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Did you forget there was another iPhone 14 coming out? We don’t blame you. The 14 Plus launches today, weeks after the 14 and 14 Pro. Whether delayed by ongoing supply-chain issues, or strategically withheld to goose Pro sales isn’t really important. The good news is that the iPhone 14 Plus follows in the repairable footsteps of the basic 14, spurning the outmoded, less-repairable 14 Pro form-factor. (iFixit.com)
One of the biggest differences between Canada and the U.S. is that the U.S. conducts a review every three years to determine whether new exceptions to a general prohibition on circumventing a digital locks are needed. Canada has no such system as the government instead provided assurances that it could address new exceptions through a regulation-making power. In the decade since the law has been in effect, successive Canadian governments have never done so.
But now, two private members bills are working their way through the House of Commons that provide some hope of change. First, Bill S-244 on the right of repair. Introduced by Liberal MP Wilson Miao in February, the bill this week passed second reading unanimously and has been referred to the Industry committee for further study. The lack of a right of repair exception in Canadian digital lock rules has hindered both consumers and Canadian innovation significantly, leaving consumers unable to repair their electronic devices and farmers often locked out of their farm equipment. After farmers protested against similar copyright restrictions, the U.S. established specific exceptions permitting digital locks to be circumvented to allow repair of software-enabled devices.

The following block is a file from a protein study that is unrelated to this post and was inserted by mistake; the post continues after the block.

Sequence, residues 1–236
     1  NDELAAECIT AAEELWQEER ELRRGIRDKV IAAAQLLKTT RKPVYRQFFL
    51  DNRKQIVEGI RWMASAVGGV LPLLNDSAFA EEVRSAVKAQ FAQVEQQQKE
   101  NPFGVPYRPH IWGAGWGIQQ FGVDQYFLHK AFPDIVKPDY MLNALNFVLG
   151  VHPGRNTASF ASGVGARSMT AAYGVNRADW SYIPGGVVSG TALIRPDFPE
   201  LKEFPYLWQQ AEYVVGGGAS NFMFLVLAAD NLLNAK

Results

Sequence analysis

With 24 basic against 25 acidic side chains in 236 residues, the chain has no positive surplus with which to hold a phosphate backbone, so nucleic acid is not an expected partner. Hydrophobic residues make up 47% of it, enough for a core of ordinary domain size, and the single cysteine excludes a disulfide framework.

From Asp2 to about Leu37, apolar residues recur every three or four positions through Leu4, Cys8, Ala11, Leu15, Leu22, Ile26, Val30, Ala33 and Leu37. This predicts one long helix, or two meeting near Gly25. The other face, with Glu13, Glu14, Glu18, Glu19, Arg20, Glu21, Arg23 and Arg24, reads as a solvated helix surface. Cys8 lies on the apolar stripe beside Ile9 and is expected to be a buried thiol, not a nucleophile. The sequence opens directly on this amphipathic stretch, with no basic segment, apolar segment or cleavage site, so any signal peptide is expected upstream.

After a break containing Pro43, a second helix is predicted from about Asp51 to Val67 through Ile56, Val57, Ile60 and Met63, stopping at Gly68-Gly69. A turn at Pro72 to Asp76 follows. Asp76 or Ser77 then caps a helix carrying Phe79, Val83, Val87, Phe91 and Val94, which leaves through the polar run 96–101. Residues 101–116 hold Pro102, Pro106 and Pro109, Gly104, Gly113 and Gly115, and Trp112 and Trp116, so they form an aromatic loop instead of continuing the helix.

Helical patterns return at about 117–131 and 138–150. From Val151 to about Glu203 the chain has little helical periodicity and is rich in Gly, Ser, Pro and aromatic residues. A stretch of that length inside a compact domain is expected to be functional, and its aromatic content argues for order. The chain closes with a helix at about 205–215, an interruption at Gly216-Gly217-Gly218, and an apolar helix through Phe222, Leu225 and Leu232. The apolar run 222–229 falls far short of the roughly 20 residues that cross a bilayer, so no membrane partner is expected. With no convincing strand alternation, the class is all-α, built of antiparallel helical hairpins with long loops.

Given the impact on consumers, the agricultural sector, and the environment, a provision that explicitly permits circumvention for purposes of the right of repair in Canada is long overdue. (MichaelGeist.ca)
Given the number of electronics most of us own, cracked screens, dead batteries and any number of unexplained malfunctions are a frustrating but inevitable part of life. That frustration has been compounded by the difficulty of getting them fixed.
“There’s a whole lot of barriers that have been put in place that mean we can’t repair our devices as we used to,” says Leanne Wiseman, law professor at Griffith University. “As consumers, we’ve lost the ability to really exercise the rights of ownership over the things we own. (Moneymag.com)
Academics at the University of Alberta, in Canada, have encouraged consumers to make or pay for clothing repairs in a bid to address the fast fashion cycle.
It comes as an online survey of more than 500 North American shoppers indicated that Generation Z consumers in particular would rather buy a replacement garment than pay for repairs.
This cycle, clothing and textile scientist Rachel McQueen believes, is creating an “environmental disaster”. “Instead of paying money to get it repaired, some people say, ‘I might as well just buy something new’. That’s a mentality that really needs to shift.” (Ecotextile.com)
In her September 20, 2022 statement before the Senate Judiciary Committee’s Subcommittee on Antitrust, Competition Policy and Consumer Rights, Federal Trade Commission (“FTC”) Chairwoman Lina Kahn emphasized the FTC’s continued work combating repair restrictions that allegedly harm consumers, explaining that the FTC is “prioritizing action against business practices that unlawfully restrict consumers’ ability to repair their products, costing them more over the long term.” (JDSupra.com)